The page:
Quote:

>hi

>this is slightly off topic but...

>given preorder and inorder traversals of a binary tree

>can we find the postorder.......

I believe that given preorder and inorder traversals, you can find the

exact shape of the tree, and if you have that tree, you can find

various postorders. (Note that there is no unique preorder or postorder

because you can visit the left or right children in any order).

I believe that an algortihm exists for processing the preorder

and inorder lists which will find the tree.

Suppose that the last four elements of the preorder traversal

are W X Y Z. It's clear that Z is the root of the tree, and

Y is its immediate child.

Z Z

Y Y

So Y can be in one of two positions. To disambiguate which, consult the

inorder. If Y appears before Z in the inorder, then the left choice is

right, otherwise the right one.

Having a partial tree, proceed with the next node from the left, X.

This node X is either the immediate child of Z, complementing Y, or it

is a left child of Y, or it is a right child of Y. There are now three

candidate positions. Only one of these positions satisfies the inorder.

If X is greater than both Y and Z, then it must be in the rightmost

position. If X is between Y and Z, it must be in the middle position.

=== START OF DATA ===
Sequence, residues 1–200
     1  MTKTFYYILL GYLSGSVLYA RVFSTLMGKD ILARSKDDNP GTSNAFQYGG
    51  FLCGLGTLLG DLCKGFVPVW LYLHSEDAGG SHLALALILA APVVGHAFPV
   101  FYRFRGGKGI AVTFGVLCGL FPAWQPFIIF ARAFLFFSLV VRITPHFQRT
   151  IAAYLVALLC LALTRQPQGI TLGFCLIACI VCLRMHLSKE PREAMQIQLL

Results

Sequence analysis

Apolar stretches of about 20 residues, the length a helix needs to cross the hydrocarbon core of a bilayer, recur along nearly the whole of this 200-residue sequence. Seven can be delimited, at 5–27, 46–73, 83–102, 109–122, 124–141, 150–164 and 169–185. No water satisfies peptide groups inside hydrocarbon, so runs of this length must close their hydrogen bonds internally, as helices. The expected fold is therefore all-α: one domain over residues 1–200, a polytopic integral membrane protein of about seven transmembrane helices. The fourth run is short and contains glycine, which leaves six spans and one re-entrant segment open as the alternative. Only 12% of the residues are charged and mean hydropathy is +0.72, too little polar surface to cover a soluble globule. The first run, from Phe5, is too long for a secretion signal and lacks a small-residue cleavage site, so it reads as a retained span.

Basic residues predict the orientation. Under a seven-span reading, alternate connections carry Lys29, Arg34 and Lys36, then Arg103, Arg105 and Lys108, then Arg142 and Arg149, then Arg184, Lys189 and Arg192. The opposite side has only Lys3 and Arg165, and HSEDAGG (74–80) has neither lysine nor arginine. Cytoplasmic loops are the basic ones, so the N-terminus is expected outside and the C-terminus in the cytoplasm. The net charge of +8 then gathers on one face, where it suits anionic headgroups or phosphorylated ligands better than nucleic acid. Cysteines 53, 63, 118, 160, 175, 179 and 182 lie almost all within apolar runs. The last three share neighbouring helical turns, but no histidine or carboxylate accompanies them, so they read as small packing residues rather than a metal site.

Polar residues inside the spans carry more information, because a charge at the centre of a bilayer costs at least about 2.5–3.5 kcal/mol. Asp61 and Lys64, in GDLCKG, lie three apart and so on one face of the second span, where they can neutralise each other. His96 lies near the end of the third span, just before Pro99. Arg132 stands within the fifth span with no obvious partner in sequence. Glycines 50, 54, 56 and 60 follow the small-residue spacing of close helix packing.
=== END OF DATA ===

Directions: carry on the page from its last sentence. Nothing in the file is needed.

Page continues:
If X is less than Y or Z, it must be in the leftmost position.

Inductive hypothesis: for each new node, the number of places where it

can be inserted is one greater than for the previous insertion, and the

inorder list will uniquely determine which place is correct.

I believe that all the empty candidate positions can be treated

as paremeters, and that at an inorder traversal of the partial tree

can be done in which these parameters are explicit. Then the

new node is placed into the list, substituting for that parameter.

For example if you have

Z

Y

X

Then the empty positions can be numbered:

Z

Y 4

1 X

2 3

Now construct an inorder from this, making the parameters explicit:

1 Y 2 X 3 Z 4

Take the next node W from the preorder, and figure out whether

it fits under 1, 2, 3 or 4. Only one of these will put

X, Y Z and W in the correct order. Then index the parameter

back into the tree and put the node there.

And so we can process all th enodes one by one and construct

a tree that is uniquely determined by the inorder and postorder

litss.

That should give you enough pieces for a proof to complete your homework.